Regular Feeding Plays an Important Role in Cholesterol Homeostasis Through the Liver Circadian Clock
Rationale: Peripheral clock control and the relevance of the circadian rhythm to physiology and disease are major questions in mammalian circadian biology.
Objective: We examined the physiological functions of the liver clock.
Methods and Results: We established a suppressed feeding schedule regimen constituting a high-cholesterol diet delivered every 6 hours without changes in energy and cholesterol intake. We found that rats exposed to this regimen developed hypercholesteremia. In the liver, the rhythmicity of expression of several clock genes was disrupted. Furthermore, the nocturnal expression of the CYP7A1 gene, which encodes the rate-limiting enzyme for the conversion of cholesterol to bile acids, was shifted to a diurnal pattern. Indeed, suppression of a regular feeding rhythm increased the secretion rate of very-low-density lipoprotein cholesterol from the liver and decreased the excretion of fecal bile acids.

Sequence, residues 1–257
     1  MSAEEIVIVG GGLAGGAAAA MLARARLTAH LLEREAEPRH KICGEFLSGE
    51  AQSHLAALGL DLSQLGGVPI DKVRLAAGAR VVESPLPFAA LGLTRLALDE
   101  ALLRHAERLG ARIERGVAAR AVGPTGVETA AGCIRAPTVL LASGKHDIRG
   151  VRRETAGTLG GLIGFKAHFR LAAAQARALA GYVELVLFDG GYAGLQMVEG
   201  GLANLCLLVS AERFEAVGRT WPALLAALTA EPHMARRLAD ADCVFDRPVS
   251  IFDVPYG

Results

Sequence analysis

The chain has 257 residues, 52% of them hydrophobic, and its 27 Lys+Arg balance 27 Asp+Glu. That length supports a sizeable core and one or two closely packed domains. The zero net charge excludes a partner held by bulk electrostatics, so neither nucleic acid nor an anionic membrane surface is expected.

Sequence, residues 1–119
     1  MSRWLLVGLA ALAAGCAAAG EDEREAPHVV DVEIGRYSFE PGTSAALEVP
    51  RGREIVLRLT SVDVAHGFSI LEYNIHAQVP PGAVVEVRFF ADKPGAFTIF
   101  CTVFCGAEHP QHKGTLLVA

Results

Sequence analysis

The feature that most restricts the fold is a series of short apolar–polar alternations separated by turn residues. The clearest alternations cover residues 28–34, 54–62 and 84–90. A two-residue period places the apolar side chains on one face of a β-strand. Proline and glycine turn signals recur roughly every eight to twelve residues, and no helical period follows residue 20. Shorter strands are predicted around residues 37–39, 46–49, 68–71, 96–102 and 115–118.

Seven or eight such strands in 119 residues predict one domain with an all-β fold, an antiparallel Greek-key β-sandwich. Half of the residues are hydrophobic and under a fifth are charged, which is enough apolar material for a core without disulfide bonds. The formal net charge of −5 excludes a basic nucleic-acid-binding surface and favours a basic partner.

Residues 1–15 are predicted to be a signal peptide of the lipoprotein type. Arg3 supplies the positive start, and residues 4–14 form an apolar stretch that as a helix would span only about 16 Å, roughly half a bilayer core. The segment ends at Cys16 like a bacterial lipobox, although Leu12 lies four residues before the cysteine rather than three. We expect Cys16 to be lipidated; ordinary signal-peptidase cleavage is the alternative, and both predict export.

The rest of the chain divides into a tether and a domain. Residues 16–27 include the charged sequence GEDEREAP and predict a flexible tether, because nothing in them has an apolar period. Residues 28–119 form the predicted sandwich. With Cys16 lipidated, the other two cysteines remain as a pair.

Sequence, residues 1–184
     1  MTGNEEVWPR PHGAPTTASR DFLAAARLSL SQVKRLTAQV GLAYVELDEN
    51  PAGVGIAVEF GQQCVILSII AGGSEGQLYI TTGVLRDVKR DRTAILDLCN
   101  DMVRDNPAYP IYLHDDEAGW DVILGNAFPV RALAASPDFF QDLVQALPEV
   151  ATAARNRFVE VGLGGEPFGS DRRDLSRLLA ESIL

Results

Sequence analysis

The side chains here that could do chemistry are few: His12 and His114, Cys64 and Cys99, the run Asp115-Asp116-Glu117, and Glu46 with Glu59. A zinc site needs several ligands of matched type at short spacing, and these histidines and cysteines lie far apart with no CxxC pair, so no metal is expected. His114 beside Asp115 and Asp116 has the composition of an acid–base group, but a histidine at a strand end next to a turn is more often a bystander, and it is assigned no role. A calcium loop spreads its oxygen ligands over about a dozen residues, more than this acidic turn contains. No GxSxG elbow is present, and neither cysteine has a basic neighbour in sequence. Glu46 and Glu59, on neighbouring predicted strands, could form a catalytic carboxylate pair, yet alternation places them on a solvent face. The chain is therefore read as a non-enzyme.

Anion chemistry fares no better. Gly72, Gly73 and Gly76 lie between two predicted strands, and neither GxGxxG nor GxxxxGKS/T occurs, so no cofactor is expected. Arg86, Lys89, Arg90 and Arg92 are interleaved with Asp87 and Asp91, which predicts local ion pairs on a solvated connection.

Conclusions: Our results demonstrated that not only the amount and quality of food but also the timing of meals has crucial health implications.